BUON APPETITO

A FOOD PLAY­GROUND IN BOLOGNA DE­VOTED TO SHOW­ING OFF THE MAR­VELS OF ITAL­IAN PRO­DUCE AND COOK­ING, BRING­ING THE FA­MOUSLY PAROCHIAL RE­GIONS UN­DER ONE BIG ROOF, HAS AM­BI­TIONS TO AT­TRACT SIX MIL­LION VISI­TORS A YEAR.

The Australian - Wish Magazine - - MOTORING - LUKE SLAT­TERY

Rome might be the famed Eter­nal City, and Venice upon her la­goon La Serenis­sima, but the cen­tral Ital­ian town of Bologna en­joys three equally apt monikers. It is La Grassa (the fat), on ac­count of its calorific cui­sine; La Rossa (the red), in hon­our of its roseate brick and stucco medieval streetscapes; and for the depth of its eru­di­tion, Europe’s old­est univer­sity town is lau­reled La Dotta (the learned). It is also, on the mid-De­cem­ber night I ar­rive, with the tem­per­a­ture nudg­ing zero and an icy up­land wind bar­relling in from the Apen­nines, La Fredda (the cold).

On my first visit, more than half a life­time ago, I wan­dered be­neath the city’s cov­ered walk­ways – catch­ing only a slice of Bologna’s un­par­al­leled 40km net­work of por­ti­coes – in a state of wide-eyed won­der­ment. I’d never seen a culi­nary dis­play of such splen­dour. It wasn’t just the sump­tu­ous pasta and risotto dishes beck­on­ing me from the win­dows of the gas­tronomie. On dis­play were plat­ters of ver­dant leaf, alarm bell-red toma­toes, slightly doughy spheres of white bur­rata, plump grey-green olives, slices of vi­brant orange, translu­cent shards of sliced fen­nel sea­soned only with cracked pep­per and olive oil. The pro­duce was in a state of ripe and preened perfection.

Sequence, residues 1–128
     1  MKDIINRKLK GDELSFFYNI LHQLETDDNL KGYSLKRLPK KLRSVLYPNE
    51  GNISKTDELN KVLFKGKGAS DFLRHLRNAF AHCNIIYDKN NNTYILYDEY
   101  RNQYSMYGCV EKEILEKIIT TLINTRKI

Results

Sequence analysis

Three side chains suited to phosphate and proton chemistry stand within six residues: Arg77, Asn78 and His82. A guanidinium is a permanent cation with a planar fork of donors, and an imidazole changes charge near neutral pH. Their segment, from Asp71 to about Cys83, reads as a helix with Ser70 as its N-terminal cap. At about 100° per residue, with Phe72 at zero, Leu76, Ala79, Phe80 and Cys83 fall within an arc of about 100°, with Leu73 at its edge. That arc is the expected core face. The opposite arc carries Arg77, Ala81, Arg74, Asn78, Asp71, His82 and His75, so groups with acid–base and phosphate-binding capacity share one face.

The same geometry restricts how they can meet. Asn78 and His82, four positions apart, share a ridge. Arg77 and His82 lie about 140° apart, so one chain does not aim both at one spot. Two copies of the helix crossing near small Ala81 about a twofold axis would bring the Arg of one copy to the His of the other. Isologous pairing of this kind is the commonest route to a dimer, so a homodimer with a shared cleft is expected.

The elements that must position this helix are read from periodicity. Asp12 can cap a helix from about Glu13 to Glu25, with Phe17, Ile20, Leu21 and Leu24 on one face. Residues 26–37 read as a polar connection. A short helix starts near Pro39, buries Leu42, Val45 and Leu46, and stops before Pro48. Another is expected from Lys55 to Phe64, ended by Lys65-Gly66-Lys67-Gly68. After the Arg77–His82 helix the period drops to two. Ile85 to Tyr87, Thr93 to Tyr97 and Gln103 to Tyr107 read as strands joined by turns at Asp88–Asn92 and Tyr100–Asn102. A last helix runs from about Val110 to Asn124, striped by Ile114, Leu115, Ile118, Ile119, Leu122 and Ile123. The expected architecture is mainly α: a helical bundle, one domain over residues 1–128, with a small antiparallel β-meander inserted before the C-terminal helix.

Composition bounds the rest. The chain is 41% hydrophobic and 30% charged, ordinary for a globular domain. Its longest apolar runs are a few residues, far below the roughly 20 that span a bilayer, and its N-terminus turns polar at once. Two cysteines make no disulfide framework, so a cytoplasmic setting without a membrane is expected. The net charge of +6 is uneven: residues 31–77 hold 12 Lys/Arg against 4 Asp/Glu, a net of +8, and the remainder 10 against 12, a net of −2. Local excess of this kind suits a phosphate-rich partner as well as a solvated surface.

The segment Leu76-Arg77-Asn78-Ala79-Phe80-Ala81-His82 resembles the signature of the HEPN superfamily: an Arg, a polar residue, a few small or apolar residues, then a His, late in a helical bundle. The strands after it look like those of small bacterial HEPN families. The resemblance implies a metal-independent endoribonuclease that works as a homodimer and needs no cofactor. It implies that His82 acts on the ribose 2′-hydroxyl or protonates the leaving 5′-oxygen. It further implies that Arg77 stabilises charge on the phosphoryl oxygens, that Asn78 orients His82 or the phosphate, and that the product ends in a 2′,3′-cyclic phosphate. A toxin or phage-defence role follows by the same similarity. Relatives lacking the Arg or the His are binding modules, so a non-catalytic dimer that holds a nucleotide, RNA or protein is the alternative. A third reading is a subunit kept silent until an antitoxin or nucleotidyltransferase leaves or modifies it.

But that was a sum­mer long ago. In win­ter, as I dis­cover when I stroll into the old quar­ter for a morn­ing cof­fee and cor­netto at a lo­cal bar, the dis­play win­dows of the Quadri­latero mar­ket are brim­ming with heav­ier fare. There are shanks of crusted pro­sciutto and bol­lard­sized balls of mor­tadella – a lo­cal spe­cialty, all pink and white and stud­ded with pep­per­corns. Vast tureens are filled to over­flow­ing with homemade tortellini and capel­letti, fet­tuc­cine for ragù (the ori­gin of our spaghetti Bolognese). Sausages sprout like tu­bers from win­dow dis­plays dec­o­rated with Christ­mas touches: pine cones, fake red cher­ries. The cen­tre­piece is in­vari­ably a wheel of aged of Parmi­giano-Reg­giano cloven by a mighty blow to re­veal its fine gran­u­lar tex­ture. I’m putting on ki­los just look­ing at this stuff.

Bologna’s in­dis­putable rep­u­ta­tion as Italy’s food, or at least pro­duce, cap­i­tal made it im­pos­si­ble for Os­car Farinetti, founder and head of the global Eataly chain, to look past the fat city when schem­ing up his lat­est, and most am­bi­tious, culi­nary em­po­rium. The re­sult is FICO: Eataly World. Twenty min­utes from the his­toric quar­ter on the FICO shut­tle, this sprawl­ing 100,000sqm Food­land is a kind of per­ma­nent Easter show with class. FICO stands for Fab­brica Ital­iana Con­tad­ina, and it

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